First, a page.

Bet you never expected to see Superman on the cover of a Marvel comic. This is a copy of Crazy Magazine #81 published in 1981 by Marvel Comics with a cover featuring Christopher Reeve and Crazy’s mascot Obnoxio the Clown.
Crazy Magazine was Marvel’s answer to Mad Magazine, which by the 1970s had reached a circulation in the millions. Mad’s runaway cultural success with its satire and parody spawned a number of imitators, most notably Cracked, which began in 1958, and Marvel’s Crazy Magazine. Crazy, which first appeared in 1974 under the editorship of comics writer Marv Wolfman. Crazy ran for 94 issues until it was canceled in 1983. By then, Crazy’s editor was Larry Hama, who is most famous for his work with Marvel/Hasbro’s G.I. Joe franchise.
In the interest of avoiding copyright infringement, I’m just going to summarize the story and present a few panels.
Like in the original, Crazy’s parody “Sooperman, Too!” opens in Paris, where Superman prevents a terrorist attack on the Eiffel Tower.
The bomb’s blast frees the Phantom Zone (“Fehtown Zone”) criminals General Zod, Ursa, and Non… err, “General Sod,” “Urker,” and “Melvin.”
Meanwhile, “Werry Frite” sends “Lois Paine” and “Cluck Cant” to Niagara Falls to pose as newlyweds and expose fraudulent hotels. Newspapers really don’t do that kind of story any more, do they?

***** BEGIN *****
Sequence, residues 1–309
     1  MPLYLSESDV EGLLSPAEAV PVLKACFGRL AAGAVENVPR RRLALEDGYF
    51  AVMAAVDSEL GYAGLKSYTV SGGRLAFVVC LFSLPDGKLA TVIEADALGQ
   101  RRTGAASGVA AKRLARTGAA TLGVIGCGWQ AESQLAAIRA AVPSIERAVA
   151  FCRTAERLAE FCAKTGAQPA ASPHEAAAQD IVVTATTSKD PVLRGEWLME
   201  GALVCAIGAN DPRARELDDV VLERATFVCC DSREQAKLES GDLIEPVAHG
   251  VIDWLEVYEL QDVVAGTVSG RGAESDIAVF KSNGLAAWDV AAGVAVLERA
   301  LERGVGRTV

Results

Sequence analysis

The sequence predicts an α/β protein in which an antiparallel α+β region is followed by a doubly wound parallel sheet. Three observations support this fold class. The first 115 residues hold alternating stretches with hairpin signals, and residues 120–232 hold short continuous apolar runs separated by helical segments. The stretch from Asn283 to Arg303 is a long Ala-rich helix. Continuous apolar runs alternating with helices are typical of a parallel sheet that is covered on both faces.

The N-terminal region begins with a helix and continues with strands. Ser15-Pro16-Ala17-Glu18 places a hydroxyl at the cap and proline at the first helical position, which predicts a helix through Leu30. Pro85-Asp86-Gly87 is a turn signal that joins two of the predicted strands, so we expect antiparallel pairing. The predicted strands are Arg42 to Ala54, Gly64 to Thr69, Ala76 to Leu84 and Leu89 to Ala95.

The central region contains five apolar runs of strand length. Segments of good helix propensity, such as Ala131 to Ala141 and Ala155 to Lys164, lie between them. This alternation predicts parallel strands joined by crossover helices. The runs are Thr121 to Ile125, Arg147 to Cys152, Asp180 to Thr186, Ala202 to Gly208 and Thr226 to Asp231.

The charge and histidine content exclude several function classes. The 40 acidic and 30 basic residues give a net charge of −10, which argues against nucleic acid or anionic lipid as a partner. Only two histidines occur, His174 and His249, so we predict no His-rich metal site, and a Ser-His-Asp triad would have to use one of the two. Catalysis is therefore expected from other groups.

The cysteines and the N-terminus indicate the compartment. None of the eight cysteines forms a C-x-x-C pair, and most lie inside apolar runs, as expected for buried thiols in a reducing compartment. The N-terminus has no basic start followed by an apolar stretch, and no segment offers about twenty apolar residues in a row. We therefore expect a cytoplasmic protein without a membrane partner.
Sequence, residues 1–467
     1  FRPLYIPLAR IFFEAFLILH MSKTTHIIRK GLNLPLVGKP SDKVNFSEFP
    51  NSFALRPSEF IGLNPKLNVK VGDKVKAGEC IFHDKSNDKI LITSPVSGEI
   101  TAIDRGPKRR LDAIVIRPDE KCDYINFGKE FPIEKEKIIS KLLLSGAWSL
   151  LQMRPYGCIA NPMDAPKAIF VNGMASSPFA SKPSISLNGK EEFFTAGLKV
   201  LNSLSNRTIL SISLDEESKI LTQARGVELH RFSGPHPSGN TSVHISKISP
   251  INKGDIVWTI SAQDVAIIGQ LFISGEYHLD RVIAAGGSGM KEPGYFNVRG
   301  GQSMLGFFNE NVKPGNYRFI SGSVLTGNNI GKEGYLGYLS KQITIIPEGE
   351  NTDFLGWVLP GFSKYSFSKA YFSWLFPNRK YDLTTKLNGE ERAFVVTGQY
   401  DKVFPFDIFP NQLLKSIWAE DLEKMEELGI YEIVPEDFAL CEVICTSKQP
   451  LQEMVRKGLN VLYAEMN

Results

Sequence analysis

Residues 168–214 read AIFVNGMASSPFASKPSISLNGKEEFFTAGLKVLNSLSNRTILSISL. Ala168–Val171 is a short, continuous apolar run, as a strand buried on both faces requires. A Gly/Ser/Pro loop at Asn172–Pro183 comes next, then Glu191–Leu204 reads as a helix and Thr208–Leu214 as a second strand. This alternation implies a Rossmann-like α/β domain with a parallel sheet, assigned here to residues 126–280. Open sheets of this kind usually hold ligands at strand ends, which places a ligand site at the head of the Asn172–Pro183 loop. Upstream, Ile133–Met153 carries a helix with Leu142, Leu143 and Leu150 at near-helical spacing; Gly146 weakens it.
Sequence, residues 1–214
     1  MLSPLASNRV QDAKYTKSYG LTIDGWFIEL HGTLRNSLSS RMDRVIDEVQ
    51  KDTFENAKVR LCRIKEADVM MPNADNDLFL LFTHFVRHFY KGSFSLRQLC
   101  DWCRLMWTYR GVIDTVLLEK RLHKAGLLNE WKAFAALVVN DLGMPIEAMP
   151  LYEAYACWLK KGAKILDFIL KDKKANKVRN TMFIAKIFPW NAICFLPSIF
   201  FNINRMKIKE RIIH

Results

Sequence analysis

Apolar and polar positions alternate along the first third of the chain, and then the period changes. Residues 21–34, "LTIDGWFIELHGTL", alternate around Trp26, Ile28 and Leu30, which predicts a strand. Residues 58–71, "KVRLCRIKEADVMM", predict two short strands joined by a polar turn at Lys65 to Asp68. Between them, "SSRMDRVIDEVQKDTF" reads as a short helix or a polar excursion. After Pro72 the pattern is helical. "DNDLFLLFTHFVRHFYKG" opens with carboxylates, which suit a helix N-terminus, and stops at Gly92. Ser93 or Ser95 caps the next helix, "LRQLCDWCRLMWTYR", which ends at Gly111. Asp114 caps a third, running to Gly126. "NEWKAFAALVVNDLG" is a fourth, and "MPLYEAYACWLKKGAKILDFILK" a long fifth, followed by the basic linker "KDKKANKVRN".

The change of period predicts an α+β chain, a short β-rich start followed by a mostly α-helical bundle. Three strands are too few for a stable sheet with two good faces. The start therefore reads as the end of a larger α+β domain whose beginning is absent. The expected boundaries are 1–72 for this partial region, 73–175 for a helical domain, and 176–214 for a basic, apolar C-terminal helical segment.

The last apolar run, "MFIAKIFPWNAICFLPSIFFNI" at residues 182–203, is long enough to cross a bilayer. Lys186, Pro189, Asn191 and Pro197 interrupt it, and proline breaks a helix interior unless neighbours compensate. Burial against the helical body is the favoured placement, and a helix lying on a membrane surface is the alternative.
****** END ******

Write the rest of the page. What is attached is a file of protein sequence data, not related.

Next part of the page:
“General Sod” makes his way to the White House. Note the appearance by Ronald Reagan, who makes an uncharacteristically astute observation.
This is the point where I think the people putting together the story realized that they only had one page to go, because this is where they deviate heavily from the movie. Lois discovers Cluck’s identity as he steps out of the shower in his Sooperman uniform, at which point she propositions him and drags him to bed.
Meanwhile, the “Kreeptonians” are trashing Metropolis, and Sooperman shows up to defend the city.
After he’s soundly beaten, he runs away so he can star in Sooperman III.
Kind of lame story, actually. It really feels like it was thrown together at the very last minute, and they were carefully following the plot until they got to the last page and ran out of room so they just winged it. Or maybe they had more, and had to cut two pages out of the middle. I don’t really know.
Crazy was canceled about two years after this story appeared. Crazy’s mascot Obnoxio went on to star in his own one-shot comic Obnoxio vs. the X-men.